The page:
Interactive Project Sketch

  • How does your audience experience your project?
  • Is it for a single person to engage with your project or for multiple participants concurrently?

The project involves a single person entering a room surrounded by screens playing moments in peoples’ lives in the urban city, but in fast forward, making it seem like a collage of people living in the urban city. Slow Jazz/classical music is also being played in the room.

  • What is the interaction or situation you are creating for your audience?

In the middle of the room, there is a lever; nothing else can be interacted with, hence the audience would instinctively attempt to pull it. However the lever takes some effort to pull, and effort is continuously needed to hold it down. When the lever is held down, within five seconds the collage of videos suddenly slow down and pause an a certain happy scene (such as a scene of a birthday party), out of many possible scenes. The music also fades out in the meantime.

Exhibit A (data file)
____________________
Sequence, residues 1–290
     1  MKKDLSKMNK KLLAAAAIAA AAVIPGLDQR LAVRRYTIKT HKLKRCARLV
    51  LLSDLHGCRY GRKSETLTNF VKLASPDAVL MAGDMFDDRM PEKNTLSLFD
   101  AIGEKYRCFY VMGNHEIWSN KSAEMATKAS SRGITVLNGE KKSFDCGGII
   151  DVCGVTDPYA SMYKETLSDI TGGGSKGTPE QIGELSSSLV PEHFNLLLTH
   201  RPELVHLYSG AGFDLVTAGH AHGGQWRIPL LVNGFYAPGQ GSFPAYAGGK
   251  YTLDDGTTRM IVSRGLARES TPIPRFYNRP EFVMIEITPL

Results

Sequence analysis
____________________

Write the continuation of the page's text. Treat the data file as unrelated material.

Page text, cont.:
Sounds of water start to play, as if the audience sunk into a large pool of water. Meanwhile the images on the screen slowly darken over time. Large bubbles slowly float out from the bottom of the screen to the top occasionally. The microphone on the lever also turns active and the audience will begin to hear sounds of their breathing after a few seconds.

After a minute of holding down the lever, heartbeat sounds start to play, with increasing intensity. After two minutes of holding down the lever, the scenery starts to change to childhood scenes such as playing in the park, in sepia. Sounds of nature such as trees swaying, birds chirping start to play. If the lever is actually held down for five whole minutes, the music fades out, and the screen fades to white, with black seeping in from the sides until everything turns black. The lever’s pressure will also increase, making it harder to hold down. Nothing else will change until the audience releases the lever.

At any point of the interaction, if the lever has been released, the interaction resumes to the initial stage, with the slight difference that the collage and music was not “paused”, but rather just muted for the duration; the audience will notice there was a skip in time in that duration the lever has held down. Additionally, if the lever was held down for at least fifteen seconds, once released, the lever would be locked, and cannot be pulled down again until the audience leaves the room.